This is a blog about music, photography, history, and culture.
These are photographs from my collection that tell a story about lost time and forgotten music.

Mike Brubaker
{ Click on the image to expand the photo }

Don't I Look Fierce?

24 June 2016

Home on the Range
original lyrics by Dr. Brewster Higley (1876)

Oh, give me a home where the Buffalo roam
Where the Deer and the Antelope play;
Where seldom is heard a discouraging word,
And the sky is not cloudy all day. 
A home! A home!
Where the Deer and the Antelope play,
Where seldom is heard a discouraging word,
And the sky is not cloudy all day.

Oh! give me a land where the bright diamond sand
Throws its light from the glittering streams,
Where glideth along the graceful white swan,
Like the maid in her heavenly dreams.

Oh! give me a gale of the Solomon vale,
Where the life streams with buoyancy flow;
On the banks of the Beaver, where seldom if ever,
Any poisonous herbage doth grow. 

How often at night, when the heavens were bright,
With the light of the twinkling stars
Have I stood here amazed, and asked as I gazed,
If their glory exceed that of ours.
I love the wild flowers in this bright land of ours,
I love the wild curlew's shrill scream;
The bluffs and white rocks, and antelope flocks
That graze on the mountains so green.

The air is so pure and the breezes so fine,
The zephyrs so balmy and light,
That I would not exchange my home here to range
Forever in azures so bright.

Aug.7, 1909

Dear Friend Susie,   I spose you
rec'd the other postal. here's one of
the Landa band on practice evening.
Don't I look fierce, don't judge me
to severely I'm not so bad looking as
the camera tried to make me.  Am
or was out of wind "Donchernaw"
I'm going to a y. P.S. to have a
good time drikke kaffe og spise
lefse og fattig mans behkelse. 
{drinking coffee and eating
flat bread
and poor mans pastry}

Dont you
wish you were here.   Au Revoir
I am with best wishes
your friend
Ed. Asker

Edward Asker was the eldest of 6 children of Kathinka and John P. Asker. They lived on a farm between Eidsvold and Landa North Dakota. In August 1909 he was 18 years old and played snare drum in the Landa Brass Band, which had 14 musicians, not counting children. Edward's father was an immigrant from Sweden and his mother came from Norway. 

Landa is a small community in Bottineau County in Northern North Dakota, about 7 miles from the Canadian border. In 1910, Bottineau County was booming with 17,295 citizens, nearly six times the population as in 1890. Today the county's farming communities have declined and population is only 6,716. 

Landa is located on a spur of the Great Northern Railway line that runs from St. Paul, MN to Seattle, WA. It incorporated as a city in 1922 and reached its largest population in 1940 with 149 citizens. As well as a town brass band, it once boasted of a bank, hardware store, lumber yard, hotel, and other businesses. But today the number of residents is estimated at only 38. 

North Dakota is very flat
and also very bright,
because the sky is not cloudy all day.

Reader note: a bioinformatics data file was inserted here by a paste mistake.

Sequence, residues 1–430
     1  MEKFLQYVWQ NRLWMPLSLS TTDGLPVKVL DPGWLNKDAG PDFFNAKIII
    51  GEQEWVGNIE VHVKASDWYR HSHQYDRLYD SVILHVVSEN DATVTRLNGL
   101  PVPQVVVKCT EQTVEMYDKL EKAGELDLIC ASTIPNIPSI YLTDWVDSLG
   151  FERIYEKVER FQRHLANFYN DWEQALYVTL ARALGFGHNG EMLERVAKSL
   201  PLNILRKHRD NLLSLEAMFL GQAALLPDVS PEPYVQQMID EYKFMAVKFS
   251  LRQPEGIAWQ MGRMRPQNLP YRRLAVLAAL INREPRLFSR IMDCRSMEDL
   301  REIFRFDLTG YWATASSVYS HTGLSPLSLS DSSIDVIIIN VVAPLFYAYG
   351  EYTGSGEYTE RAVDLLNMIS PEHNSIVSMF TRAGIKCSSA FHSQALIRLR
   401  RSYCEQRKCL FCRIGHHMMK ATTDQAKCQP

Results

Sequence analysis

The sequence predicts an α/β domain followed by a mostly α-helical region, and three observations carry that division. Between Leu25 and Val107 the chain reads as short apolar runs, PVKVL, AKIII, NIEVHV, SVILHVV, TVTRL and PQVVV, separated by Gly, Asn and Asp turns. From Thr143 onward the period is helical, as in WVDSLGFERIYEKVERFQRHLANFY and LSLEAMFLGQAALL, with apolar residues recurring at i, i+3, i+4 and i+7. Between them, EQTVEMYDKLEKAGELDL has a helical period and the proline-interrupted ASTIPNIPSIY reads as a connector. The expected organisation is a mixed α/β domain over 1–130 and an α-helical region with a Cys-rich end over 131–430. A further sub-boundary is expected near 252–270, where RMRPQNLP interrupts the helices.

This is my contribution to Sepia Saturday
click the link, but whatever you do, please don't wake the baby.


La Nightingail said...

Goodness! I had no idea there were so many verses to "Home On The Range". I've only known the first and fourth - till now! :)

Jo Featherston said...

That first verse is quite familiar to me too, perhaps because it was the theme song for some US tv show? The little girl is a sweetue, and was presumably related to one of the bandsmen. They don't look terribly fierce to me.

Alan Burnett said...

Your words and pictures suddenly got me thinking about that song and question whether or not they have (had) antelopes in America. A trip to Wiki produced the kind of answer Wiki produces - they did, but there again they didn't.

Jodi Lynn Strait said...

Oh dear, I think I'll be singing this all day now… I love all the hats in the photo, especially the unusual bonnet the little girl is wearing. And, yes, Alan, out in the American west there are still antelope roaming. I've seen them.

Helen Killeen Bauch McHargue said...

Love the Haiku. So much more concise than the lyrics of HOTR. That range is so,so,so flat!
A sure cure for claustrophobia.

Little Nell said...

What a great postcard story to go with the picture 'Donchanaw'! The child looks bewildered and seems to be asking "What am I doing here?"

Lorraine Phelan said...

What a wonderful photo. Love the variety of hats but my favourite is the one in front centre.

Barbara Rogers said...

Oh goodie, now I can learn the rest of the song...I was trying to remember the only other verse I'd heard (4th) in my attempts to fall asleep to it one night. Now look what I can mentally go through! It will take many a try to remember it all. I did grow up with skies like that, and either Texas or Missouri gave me a love of the brightness of it.

Titania Staeheli said...

It is fantastic the music bands that were around at the time, travelling and bringing entertainment and music to others. A straight road to the never never and a never ending sky, a bit like in Australia.

Cassmob (Pauleen) said...

Great band shots and the baby doesn't seem traumatised by being in the thick of it, but perhaps after all those verses the story may have changed :)

Tattered and Lost said...

Wow! So many verses I never knew existed. The song is much more than I ever imagined.

Love the photo with the fellas and child. I do wonder if Edward's long distance wooing worked. Did he...cough...snare her?


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